Chivas, which stands last in the West with a 6-16-6 record, is currently in limbo as it prepares for a Sunday date in Toronto. The Los Angeles-based side has been taken over by the league and commissioner Don Garber says the team might not play in 2015 and perhaps longer, with the timing to be decided after a new owner takes over.
And nobody seems to care.
The Goats are floundering in near obscurity, averaging 6,942 fans per game. That's by far the league's worst attendance — almost 12,000 under the MSL average — but still a number that reportedly flatters the fans actually in attendance at the StubHub Center.
"It's very hard to get ourselves motivated in a way," acknowledged Chivas midfielder Eric Avila, who spent 1 1/2 seasons at Toronto FC. "Even though we appreciate whoever comes out (for home games), it's very difficult."
"We haven't really heard much," he added. "We know that there's a lot of meetings going on. And that's all they tell us. The guys are just trying to stick together and trying to finish out the season strong."
The next challenge comes at BMO Field against a Toronto FC side struggling to reverse a slide of its own.
Toronto manager Greg Vanney, a former Chivas assistant coach looking for his first win at the Toronto helm after two losses and a tie, says the uncertainty at Chivas can be a powerful motivator.
"When that happens you have 20-something guys who are trying to figure out what their future looks like and they may have something to prove for each of them individually," he said. "It makes them very unpredictable."
Added Toronto midfielder Michael Bradley: "Knowing some of their players, knowing their coach (Wilmer Cabrera) a little bit, they will still be a team that's going to be committed and fighting until the very end."
At least Avila knows where his future lies. A transfer to Mexico's Santos Laguna is nearing completion.
The Chivas numbers are remarkably bleak.
The team has lost five straight and given up three or more goals in four of those contests. It is winless in 10 (0-9-1), during which time it has been outscored 24-3. It ranks worst in the league in goals, assists, shots and shots on goal.
Chivas has scored just 23 goals with 14 of those coming from Mexican international striker Erick Torres, who is suspended for the Toronto game. Midfielders Marvin Chavez and Marco Delgado are next on the Chivas scoring list with two goals apiece.
Of course, the Toronto picture isn't much better.
Toronto (9-11-7) is winless in six (0-4-2) and has won just three of its last 16 (3-7-6). It's worth noting that Chivas' record over the same period is 4-10-2.
While Chivas has nothing to lose, Toronto FC needs a win to stop a six-game winless streak and painful slide down the Eastern Conference standings.
A Toronto loss coupled with a Houston win over Philadelphia would drop TFC to eighth place. And wins by teams above would then widen the gap between Toronto and the five playoff berths available in the East.
Vanney can look forward this weekend to the possible return of defender/captain Steven Cadwell (quad) and midfielder Jonathan Osorio (hamstring). Midfielder Collen Warner (hamstring) is listed as unavailable.
There is also some light at the end of the Jermain Defoe tunnel with the England striker, who has been nursing a groin injury back in England, expected back at the club Monday. Still Vanney says Defoe, who leads the team with 11 goals despite missing 11 games through injury or suspension, may not see action until the Oct. 4 game in Los Angeles.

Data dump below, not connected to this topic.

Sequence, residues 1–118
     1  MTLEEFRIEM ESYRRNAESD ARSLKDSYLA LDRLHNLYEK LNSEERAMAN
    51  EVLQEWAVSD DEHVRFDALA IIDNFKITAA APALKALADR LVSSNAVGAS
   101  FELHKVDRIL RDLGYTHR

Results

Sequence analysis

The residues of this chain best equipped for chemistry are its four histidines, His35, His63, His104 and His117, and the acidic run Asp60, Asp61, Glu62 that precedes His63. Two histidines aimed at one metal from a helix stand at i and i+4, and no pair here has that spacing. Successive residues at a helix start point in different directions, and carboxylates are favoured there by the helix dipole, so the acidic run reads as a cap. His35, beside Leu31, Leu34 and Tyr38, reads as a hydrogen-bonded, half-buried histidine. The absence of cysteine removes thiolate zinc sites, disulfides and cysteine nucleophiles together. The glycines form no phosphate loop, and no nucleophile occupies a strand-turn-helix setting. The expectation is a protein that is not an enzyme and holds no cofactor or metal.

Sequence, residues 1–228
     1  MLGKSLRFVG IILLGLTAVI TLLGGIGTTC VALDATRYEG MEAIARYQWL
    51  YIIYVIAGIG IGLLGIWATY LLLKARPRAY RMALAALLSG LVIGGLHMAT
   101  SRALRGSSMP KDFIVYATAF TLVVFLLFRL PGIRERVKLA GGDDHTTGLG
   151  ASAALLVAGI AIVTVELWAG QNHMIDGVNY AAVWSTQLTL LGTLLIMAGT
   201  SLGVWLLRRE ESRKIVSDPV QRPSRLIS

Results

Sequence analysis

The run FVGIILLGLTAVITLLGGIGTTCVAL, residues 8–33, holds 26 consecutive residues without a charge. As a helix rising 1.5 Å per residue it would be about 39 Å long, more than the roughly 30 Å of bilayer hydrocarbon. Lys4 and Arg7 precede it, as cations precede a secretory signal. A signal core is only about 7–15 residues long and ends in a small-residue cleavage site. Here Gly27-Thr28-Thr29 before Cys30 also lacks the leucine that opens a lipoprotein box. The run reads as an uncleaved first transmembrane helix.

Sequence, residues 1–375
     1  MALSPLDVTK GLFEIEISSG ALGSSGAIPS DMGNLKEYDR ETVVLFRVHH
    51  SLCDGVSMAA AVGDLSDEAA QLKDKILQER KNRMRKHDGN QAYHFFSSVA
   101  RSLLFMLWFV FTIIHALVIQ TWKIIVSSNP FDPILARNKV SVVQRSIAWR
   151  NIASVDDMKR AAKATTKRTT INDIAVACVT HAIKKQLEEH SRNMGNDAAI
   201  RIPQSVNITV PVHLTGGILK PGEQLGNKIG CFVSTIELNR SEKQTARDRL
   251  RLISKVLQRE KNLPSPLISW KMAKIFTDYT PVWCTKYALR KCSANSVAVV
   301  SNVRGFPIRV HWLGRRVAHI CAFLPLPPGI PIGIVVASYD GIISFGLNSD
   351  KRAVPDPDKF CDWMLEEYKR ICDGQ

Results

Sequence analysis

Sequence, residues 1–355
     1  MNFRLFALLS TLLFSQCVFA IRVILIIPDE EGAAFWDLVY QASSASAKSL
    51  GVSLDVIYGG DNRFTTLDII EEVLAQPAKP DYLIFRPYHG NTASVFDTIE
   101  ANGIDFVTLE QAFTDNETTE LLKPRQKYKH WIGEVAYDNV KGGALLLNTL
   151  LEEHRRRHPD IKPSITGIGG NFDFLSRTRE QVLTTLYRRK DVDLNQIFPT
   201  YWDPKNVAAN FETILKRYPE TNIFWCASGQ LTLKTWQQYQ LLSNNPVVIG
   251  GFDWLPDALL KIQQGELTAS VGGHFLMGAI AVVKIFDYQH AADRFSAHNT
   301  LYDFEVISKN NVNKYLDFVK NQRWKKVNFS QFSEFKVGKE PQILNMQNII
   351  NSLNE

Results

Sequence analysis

A win would be timely for Toronto, which plans Tuesday to celebrate the groundbreaking for a planned stadium expansion.
While only the Seattle Sounders (42,238) average more fans than Toronto (22,591), there were plenty of empty seats at the last home game — a 2-0 loss to Philadelphia — despite the announced full house. And a 5-6-2 record at home isn't much of an incentive to show up or buy a seat in an expanded stadium.
That may have prompted Bradley to speak up this week, urging fans to get behind the team in the final stretch.
But Avila says a fervent Toronto crowd may also spur on Chivas.
"To be able to play away, I think the atmosphere and all that, it helps us out even more. And to try to take some points away from some teams, it satisfies for sure," he said.
While Toronto is running out of games, with just six left after the weekend, Bradley says he sees a change in attitude.
He points to the team's fightback in Chicago last weekend, a 1-1 tie that would have been a 2-1 win for Toronto had it not be for a controversial refereeing decision in the 90th minute.
"From the players' standpoint, Saturday was, I think, a turning point," said Bradley. "Just in the sense of coming off a few negative results, it would have been easy especially at the end of that game to think 'You know what, this is just another one of these nights where it's not going to happen.'
"The commitment and the determination on our end to be relentless until the last second, I think we set the bar for ourselves."
Chivas, meanwhile, will be eliminated from playoff contention if it loses to Toronto and the Vancouver Whitecaps beat the Portland Timbers on Saturday.
NOTES — Chivas holds a 9-2-1 all-time edge over Toronto ... Like Vanney, Toronto's assistant coaches have ties to Chivas. Nick Theslof, Dan Calichman and Jim Liston all worked at Chivas in the past while Jon Conway played there in 2009. Toronto forward Luke Moore also had a brief stint with the Goats earlier this season ... Toronto's Bradley and Justin Morrow face suspension with their next yellow card.
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